by CalWatchdog Staff | May 31, 2013 9:19 am
May 31, 2013
By Wayne Lusvardi
A recent lawsuit filed by the Securities and Exchange Commission alleged Victorville city officials and bond underwriters defrauded bondholders of $13.3 million in 2008 due to failure to disclose actions and risks of “inflated property values” backing redevelopment bonds. SEC prosecutors alleged Victorville and its bond underwriters failed to disclose these risks to bond investors in the bond prospectus.
Another charge made by the SEC is that Victorville undertook a so-called “ill conceived” gas-fired power plant project financed with redevelopment bonds.
The president of Inland Energy Tom Barnett, developer of the proposed Victorville 2 Hybrid Power Plant, had his personal bank account records subpoenaed on Jan. 26, 2013 to peek into his political campaign contributions.
Victorville is a community of about 115,000 people in the high desert area of inland Southern California. It is about 100 miles east of Los Angeles. It has a Texas-like feel to it due to its desert topography, former military residents, libertarian newspaper and pro-growth policies.
Victorville was the second fastest growing area in the U.S. in 2008. Its economy is dependent on the conversion of the former George Air Force Base into a cargo transport airport, rail transport hub and warehousing center for wholesale goods.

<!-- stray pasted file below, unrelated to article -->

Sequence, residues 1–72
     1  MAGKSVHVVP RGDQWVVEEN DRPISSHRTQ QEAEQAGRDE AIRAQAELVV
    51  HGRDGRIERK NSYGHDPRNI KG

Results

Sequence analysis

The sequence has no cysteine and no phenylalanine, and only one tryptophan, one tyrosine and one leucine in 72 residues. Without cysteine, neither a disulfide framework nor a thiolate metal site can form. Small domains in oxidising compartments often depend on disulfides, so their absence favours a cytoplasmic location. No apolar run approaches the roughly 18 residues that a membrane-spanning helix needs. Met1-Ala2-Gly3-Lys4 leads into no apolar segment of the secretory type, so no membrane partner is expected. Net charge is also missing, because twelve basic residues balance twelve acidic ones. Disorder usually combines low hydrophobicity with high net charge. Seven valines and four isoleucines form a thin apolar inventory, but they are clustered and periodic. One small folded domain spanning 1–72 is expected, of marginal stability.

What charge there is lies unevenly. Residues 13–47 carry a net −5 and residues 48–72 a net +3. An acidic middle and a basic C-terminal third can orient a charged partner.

In 2006, California mandated a shift to 33 percent green power by 2020 under AB 32, the Global Warming Solutions Act of 2006. Victorville poised itself to benefit from this shift toward cleaner power. In 2008, Victorville and Inland Energy had obtained permits to build a 563-megawatt hybrid natural gas-solar power plant on the land near the former George Air Force Base, now called the Southern California Logistics Airport.
In 2007, BNSF Railway Company, the largest railroad company in the U.S., had also tentatively picked Victorville for the site of a new regional transport hub.
The boom in Victorville took about 5 years to emerge but only about a month to bust.